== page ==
Bill Mauldin is one of America's most distinguished artists with scores of honors conveyed upon him throughout his career. He is well known for faithfully portraying the lives and sacrifices of the American GI. He started out with a Pulitzer Prize at 23, the youngest winner of journalism's highest honor with his "Willie and Joe" cartoons in 1945. He added a second Pulitzer in 1959 for a cartoon on the fate of Soviet Novelist Boris Pasternak.
Mauldin's pen and ink abilities brought him three Distinguished Service Awards from the Society of Professional Journalists, Sigma Delta Chi. The first came in 1964 for his grieving Lincoln after President Kennedy's assassination. In 1969, when President Eisenhower died, he won his second for a drawing of a field of military gravestones. The caption read "It's Ike himself. Pass the word." The third was for a cartoon conceived at a time of growing controversy over jailing of newsmen for refusal to disclose confidential news sources.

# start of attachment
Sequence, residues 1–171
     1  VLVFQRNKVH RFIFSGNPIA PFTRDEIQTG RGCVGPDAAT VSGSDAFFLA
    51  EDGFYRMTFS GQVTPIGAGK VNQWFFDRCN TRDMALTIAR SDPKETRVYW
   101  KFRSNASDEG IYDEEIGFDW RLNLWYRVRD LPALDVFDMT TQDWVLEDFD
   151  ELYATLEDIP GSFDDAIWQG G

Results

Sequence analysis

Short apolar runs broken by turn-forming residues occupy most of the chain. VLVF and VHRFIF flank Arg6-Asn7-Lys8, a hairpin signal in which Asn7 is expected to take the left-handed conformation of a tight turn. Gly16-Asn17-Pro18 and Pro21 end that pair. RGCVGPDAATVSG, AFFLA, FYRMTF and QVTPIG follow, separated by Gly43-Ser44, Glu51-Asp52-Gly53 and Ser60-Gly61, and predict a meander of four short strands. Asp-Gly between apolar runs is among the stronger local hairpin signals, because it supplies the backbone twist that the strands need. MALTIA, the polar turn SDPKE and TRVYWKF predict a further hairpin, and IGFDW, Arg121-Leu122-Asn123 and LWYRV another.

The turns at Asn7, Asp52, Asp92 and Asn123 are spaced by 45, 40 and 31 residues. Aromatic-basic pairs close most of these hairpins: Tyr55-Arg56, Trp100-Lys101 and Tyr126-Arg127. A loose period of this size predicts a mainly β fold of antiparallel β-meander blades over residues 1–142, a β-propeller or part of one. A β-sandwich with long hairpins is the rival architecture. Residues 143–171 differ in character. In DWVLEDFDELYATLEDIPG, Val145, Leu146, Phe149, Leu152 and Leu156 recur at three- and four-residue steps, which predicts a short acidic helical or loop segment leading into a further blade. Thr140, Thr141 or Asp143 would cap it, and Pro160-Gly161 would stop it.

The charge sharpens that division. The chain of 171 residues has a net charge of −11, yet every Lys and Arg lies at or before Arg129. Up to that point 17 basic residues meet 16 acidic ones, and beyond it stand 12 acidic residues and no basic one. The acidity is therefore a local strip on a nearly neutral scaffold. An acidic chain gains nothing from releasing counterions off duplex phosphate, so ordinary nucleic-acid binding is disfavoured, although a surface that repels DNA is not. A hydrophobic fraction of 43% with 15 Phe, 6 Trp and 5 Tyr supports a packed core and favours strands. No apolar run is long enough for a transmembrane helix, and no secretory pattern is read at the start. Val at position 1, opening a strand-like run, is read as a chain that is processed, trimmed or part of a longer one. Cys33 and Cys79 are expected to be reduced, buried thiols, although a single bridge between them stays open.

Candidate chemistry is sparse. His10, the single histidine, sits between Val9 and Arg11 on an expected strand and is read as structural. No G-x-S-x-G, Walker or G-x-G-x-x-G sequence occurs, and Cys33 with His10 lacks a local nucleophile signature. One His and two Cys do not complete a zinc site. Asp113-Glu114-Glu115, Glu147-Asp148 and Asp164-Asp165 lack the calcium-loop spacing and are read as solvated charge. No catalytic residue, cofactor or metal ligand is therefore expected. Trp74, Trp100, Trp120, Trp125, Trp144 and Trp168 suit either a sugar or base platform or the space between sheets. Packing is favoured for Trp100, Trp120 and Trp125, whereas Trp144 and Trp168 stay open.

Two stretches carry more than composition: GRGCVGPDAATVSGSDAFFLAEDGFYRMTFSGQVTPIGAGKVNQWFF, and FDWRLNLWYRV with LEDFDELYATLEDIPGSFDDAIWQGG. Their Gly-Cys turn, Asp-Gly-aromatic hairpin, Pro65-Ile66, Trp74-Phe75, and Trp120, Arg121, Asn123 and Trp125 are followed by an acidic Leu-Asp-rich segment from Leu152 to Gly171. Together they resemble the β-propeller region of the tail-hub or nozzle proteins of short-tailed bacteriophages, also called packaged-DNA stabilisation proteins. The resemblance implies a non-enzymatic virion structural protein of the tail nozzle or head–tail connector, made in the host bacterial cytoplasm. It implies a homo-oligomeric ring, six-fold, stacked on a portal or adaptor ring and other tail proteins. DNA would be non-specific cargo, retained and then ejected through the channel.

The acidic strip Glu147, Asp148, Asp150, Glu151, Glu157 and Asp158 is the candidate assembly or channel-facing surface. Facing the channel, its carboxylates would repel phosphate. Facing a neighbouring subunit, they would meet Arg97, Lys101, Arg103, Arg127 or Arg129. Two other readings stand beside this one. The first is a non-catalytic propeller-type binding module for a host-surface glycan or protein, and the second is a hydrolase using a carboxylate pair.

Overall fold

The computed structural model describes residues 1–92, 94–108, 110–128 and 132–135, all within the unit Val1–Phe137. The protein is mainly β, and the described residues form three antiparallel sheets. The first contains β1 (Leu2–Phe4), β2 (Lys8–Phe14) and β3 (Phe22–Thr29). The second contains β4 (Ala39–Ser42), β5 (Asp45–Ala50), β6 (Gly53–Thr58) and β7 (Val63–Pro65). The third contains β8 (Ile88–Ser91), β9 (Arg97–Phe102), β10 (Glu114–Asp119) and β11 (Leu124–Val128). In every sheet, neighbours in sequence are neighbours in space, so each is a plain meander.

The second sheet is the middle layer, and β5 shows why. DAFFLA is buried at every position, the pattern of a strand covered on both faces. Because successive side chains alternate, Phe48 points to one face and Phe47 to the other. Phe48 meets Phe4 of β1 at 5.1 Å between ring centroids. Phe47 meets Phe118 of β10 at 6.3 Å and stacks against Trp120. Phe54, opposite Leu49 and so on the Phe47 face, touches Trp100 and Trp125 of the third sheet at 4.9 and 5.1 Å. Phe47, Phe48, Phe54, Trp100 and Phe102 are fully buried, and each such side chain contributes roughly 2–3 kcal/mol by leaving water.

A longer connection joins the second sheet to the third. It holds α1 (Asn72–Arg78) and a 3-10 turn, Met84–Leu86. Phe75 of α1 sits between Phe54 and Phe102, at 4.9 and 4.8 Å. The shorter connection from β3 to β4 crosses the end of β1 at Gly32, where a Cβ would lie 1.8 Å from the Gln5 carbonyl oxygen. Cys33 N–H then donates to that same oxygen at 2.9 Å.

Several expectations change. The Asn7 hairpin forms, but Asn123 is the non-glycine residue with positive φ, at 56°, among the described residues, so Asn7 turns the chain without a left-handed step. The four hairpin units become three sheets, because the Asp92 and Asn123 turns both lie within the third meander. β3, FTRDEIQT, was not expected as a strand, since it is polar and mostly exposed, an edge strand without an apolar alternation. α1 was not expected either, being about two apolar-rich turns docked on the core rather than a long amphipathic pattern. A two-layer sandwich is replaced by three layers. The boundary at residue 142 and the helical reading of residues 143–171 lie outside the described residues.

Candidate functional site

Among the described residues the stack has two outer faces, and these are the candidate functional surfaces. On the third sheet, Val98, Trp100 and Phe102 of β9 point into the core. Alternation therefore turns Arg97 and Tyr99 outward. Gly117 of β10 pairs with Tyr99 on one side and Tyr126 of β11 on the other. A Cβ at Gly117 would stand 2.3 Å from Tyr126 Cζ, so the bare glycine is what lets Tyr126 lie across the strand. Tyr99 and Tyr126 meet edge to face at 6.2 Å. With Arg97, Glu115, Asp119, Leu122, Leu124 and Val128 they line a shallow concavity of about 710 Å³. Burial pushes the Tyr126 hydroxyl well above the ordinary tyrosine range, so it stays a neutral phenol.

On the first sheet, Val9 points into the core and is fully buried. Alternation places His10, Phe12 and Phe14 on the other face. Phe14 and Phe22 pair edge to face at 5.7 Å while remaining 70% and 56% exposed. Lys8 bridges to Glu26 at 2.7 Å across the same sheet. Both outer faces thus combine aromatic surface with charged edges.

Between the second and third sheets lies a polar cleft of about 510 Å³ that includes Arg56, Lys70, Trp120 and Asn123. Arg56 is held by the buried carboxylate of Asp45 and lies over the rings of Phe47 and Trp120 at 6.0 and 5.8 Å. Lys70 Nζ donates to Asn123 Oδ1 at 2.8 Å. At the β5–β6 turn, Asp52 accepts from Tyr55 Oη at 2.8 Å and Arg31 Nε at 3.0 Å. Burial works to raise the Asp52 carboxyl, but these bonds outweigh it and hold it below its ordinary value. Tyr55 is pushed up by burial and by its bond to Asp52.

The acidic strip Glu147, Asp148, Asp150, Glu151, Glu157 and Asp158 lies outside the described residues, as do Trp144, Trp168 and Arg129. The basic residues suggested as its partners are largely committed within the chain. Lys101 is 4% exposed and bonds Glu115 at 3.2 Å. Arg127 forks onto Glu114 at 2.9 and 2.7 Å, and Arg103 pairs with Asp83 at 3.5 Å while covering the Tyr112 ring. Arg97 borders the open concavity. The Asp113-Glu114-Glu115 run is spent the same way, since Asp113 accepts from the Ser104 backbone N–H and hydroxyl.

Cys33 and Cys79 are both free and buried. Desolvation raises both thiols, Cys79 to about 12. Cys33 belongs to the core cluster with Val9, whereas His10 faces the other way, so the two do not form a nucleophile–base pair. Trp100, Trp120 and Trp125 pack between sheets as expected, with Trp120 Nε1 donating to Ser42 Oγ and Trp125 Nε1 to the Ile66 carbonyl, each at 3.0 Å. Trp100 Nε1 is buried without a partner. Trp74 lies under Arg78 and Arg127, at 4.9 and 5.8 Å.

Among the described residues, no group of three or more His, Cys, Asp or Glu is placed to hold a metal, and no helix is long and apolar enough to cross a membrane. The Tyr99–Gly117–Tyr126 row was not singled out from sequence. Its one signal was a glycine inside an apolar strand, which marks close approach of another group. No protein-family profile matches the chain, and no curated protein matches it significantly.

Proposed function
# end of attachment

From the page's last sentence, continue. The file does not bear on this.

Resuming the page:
The National Cartoonists Society has honored Mauldin twice for his work, for best editorial cartoon in 1959 and in 1962 when he was named cartoonist of the year. He was been awarded with four honorary degrees: a Master of arts from Connecticut Wesleyan University, Doctor of letters from New Mexico State University, Doctor of literature from Albion College and Doctor of humane letters from Lincoln College.
At the start of World War II, Mauldin was overseas with the U.S. Army. His best-known book, Up Front, was a product of those years. It is a collection of his war cartoons with stories behind them. He also had four other collections published during the war: Sicily Sketchbook; Mud, Mules and Mountains; This Damn Tree Leaks; and Star Spangled Banter. He chronicled Korea and Vietnam as well.